On April 21 at 0021 UTC, GPM indicated that Fantala was dropping rain at a rate of over 120 mm (4.7 inches) per hour in an area of intense rainfall west of the eye. Credit: NASA/JAXA/SSAI, Hal Pierce On April 21, Fantala’s maximum sustained wind speeds started to decrease since making a ”U-turn” and moving southeastward to a position northeast of Madagascar and the storm maintained strength on April 22. NASA’s RapidScat instrument measured winds around the system while NASA-JAXA’s Global Precipitation Measurement or GPM core satellite analyzed rainfall rates with the hurricane. The GPM core observatory satellite flew above Tropical Cyclone Fantala on April 21, 2016 at 0021 UTC (April 20 at 8:21 p.m. EDT) when the tropical cyclone’s maximum sustained winds were estimated at 105 knots (121 mph). GPM’s Microwave Imager (GMI) and Dual-Frequency Precipitation Radar (DPR) data were used to estimate the rainfall within Fantala. DPR indicated that Fantala was dropping rain at a rate of over 120 mm (4.7 inches) per hour in an area of intense rainfall west of the eye. GPM’s radar (DPR Ku Band) found that the highest storm tops in that area were reaching altitudes of just over 12 km (7.4 mile). GPM’s radar data (DPR Ku band) were used to show a 3-D slice through this stormy area where radar reflectivity values of over 52.6 dBZ were being returned to the satellite.
On Apr. 21 at 6 p.m. UTC (2 p.m. EDT) the RapidScat instrument that flies aboard the International Space Station (ISS) measured Fantala’s surface wind speed and direction over the Southern Indian Ocean. Wind speeds exceeded 30 meters per second (67 mph/108 kph) around the entire center of the storm with the exception of the southwestern quadrant where winds were slightly weaker. RapidScat showed that winds of 34 knots (39 mph/62 kph) or higher occur within 75 nautical miles (86.3 miles/138.9 km) of the center On April 21, RapidScat measured Fantala’s wind speeds near30 meters per second (67 mph/108 kph) around the entire center of the storm with the exception of the southwestern quadrant where winds were slightly weaker. Credit: NASA JPL/Doug Tyler RapidScat is an important tool for meteorologists, because it shows forecasters the location of the strongest winds in different quadrants of an area of low pressure or tropical cyclone as they are not always equally distributed. In addition, surface wind speed is always lower than speeds at higher altitude.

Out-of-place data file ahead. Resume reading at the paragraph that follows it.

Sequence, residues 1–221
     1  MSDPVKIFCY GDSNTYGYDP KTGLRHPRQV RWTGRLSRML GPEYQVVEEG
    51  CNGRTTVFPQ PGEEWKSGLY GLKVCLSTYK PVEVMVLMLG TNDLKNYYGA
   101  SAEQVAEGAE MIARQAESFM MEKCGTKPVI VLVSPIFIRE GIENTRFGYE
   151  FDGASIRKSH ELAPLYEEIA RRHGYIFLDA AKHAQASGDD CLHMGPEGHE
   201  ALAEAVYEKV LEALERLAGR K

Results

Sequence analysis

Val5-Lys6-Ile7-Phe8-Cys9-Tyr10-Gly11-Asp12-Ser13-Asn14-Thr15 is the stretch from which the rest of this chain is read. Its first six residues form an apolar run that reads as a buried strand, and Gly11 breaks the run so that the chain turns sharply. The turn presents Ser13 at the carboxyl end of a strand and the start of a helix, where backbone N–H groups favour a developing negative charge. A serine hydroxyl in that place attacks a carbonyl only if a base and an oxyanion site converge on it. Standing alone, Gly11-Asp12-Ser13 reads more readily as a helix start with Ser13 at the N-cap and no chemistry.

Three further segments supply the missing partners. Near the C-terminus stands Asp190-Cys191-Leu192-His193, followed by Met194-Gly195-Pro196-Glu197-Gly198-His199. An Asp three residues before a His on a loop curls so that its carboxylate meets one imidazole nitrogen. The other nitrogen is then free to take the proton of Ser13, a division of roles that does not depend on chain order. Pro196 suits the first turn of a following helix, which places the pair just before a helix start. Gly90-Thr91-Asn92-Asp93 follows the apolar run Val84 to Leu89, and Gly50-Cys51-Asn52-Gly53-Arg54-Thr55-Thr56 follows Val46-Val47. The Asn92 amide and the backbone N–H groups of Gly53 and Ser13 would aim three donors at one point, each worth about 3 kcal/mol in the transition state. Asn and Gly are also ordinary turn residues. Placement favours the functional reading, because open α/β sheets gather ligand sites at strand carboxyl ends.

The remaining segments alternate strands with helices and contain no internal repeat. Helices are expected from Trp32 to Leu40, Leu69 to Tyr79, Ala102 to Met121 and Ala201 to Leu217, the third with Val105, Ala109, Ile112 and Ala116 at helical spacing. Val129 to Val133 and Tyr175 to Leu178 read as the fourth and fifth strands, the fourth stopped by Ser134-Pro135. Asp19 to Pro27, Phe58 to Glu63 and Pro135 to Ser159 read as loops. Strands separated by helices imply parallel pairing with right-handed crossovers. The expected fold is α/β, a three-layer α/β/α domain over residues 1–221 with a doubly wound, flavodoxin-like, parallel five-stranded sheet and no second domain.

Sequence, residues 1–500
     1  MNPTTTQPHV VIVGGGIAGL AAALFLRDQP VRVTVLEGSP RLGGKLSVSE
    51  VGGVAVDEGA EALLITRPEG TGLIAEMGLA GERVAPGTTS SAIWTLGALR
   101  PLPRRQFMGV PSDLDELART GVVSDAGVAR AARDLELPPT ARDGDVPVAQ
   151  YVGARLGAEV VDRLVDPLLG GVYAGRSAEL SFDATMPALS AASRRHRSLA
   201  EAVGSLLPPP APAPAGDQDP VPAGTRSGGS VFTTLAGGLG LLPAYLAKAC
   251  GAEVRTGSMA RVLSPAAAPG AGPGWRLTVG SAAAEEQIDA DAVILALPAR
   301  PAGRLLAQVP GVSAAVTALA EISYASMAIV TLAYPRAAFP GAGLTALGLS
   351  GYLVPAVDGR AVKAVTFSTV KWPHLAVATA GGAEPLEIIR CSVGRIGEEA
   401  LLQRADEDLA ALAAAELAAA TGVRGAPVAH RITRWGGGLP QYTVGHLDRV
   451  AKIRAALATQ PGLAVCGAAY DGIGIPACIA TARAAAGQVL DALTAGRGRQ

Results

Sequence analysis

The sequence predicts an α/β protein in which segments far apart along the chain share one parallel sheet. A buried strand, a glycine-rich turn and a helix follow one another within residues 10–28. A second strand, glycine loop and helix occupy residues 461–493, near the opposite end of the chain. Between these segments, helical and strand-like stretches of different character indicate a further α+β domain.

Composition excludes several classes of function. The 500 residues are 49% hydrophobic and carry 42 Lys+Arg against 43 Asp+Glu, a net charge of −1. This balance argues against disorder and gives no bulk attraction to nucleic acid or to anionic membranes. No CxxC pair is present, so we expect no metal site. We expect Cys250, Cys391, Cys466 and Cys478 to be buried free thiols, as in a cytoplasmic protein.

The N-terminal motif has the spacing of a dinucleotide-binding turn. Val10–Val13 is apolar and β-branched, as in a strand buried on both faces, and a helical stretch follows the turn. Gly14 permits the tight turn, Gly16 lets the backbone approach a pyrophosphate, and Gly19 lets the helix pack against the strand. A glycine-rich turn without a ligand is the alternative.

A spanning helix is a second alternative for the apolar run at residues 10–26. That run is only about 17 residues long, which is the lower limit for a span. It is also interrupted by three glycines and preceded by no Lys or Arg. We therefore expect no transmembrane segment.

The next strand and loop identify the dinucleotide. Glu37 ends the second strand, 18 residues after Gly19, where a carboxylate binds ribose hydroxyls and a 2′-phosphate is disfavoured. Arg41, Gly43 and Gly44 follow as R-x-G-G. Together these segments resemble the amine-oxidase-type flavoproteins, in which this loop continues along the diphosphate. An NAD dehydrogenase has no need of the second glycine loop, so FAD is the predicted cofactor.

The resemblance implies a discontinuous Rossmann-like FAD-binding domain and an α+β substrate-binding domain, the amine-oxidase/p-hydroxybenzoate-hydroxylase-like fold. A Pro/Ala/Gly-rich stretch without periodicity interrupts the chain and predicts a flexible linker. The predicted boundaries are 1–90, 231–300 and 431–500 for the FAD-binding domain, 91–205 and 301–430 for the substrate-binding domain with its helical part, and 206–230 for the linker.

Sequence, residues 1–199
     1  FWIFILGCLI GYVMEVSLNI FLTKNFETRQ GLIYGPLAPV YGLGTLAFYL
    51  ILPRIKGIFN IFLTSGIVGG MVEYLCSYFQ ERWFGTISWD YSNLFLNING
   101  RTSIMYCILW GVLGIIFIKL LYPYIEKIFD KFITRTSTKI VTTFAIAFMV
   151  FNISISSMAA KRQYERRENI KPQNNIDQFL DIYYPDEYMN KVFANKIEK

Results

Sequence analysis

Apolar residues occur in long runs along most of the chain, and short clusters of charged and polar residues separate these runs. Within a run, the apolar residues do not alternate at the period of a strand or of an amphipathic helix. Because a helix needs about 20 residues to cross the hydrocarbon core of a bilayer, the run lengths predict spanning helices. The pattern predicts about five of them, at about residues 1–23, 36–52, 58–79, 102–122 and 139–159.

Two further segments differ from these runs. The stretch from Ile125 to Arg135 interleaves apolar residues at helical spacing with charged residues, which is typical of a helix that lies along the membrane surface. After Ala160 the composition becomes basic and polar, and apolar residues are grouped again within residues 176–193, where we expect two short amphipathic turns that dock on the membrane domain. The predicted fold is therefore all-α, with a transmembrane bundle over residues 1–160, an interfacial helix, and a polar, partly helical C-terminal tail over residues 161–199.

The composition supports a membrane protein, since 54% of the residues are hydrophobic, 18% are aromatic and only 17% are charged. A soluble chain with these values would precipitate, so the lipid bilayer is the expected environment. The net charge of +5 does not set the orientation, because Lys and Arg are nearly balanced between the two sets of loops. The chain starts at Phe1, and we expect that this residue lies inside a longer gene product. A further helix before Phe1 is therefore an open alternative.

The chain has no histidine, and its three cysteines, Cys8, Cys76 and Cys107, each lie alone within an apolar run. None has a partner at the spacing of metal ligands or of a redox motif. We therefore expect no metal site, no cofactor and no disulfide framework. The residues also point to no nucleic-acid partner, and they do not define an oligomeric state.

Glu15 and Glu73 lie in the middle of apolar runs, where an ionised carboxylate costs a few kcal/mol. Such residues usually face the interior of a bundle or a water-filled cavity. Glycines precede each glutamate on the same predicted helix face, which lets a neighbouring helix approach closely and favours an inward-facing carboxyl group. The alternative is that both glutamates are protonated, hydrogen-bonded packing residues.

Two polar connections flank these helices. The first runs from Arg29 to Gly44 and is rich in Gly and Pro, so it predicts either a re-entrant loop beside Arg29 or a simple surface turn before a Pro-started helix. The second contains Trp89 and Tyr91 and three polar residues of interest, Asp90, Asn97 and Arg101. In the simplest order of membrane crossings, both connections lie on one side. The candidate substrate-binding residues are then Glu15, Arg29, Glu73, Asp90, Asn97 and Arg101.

On Friday, April 22 at 0900 UTC (5 a.m. EDT) Tropical Cyclone Fantala’s maximum sustained winds remained near 90 knots (103.6 mph/ 166.7 kph) where they were 24 hours before. The storm is maintaining strength as it slowly moves to the southeast at 1 knot (1.1 mph/1.8 kph). Forecasters at the Joint Typhoon Warning Center expect the storm to turn back to the west-northwest later in the day.
Fantala was centered near 13.2 degrees south latitude and 57.1 degrees east longitude, about 414 nautical miles (476 .4 miles/766.7 km) north of Port Louis, Mauritius.
The Joint Typhoon Warning Center (JTWC) predicts that Tropical Cyclone Fantala will head toward the northwest while briefly intensifying. The tropical cyclone is expected to then encounter adverse conditions that will prompt a weakening trend north of Madagascar as it continues to move west toward the African mainland.
Explore further:GPM sees heavy rain in Tropical Cyclone Fantala
Provided by:NASA’s Goddard Space Flight Center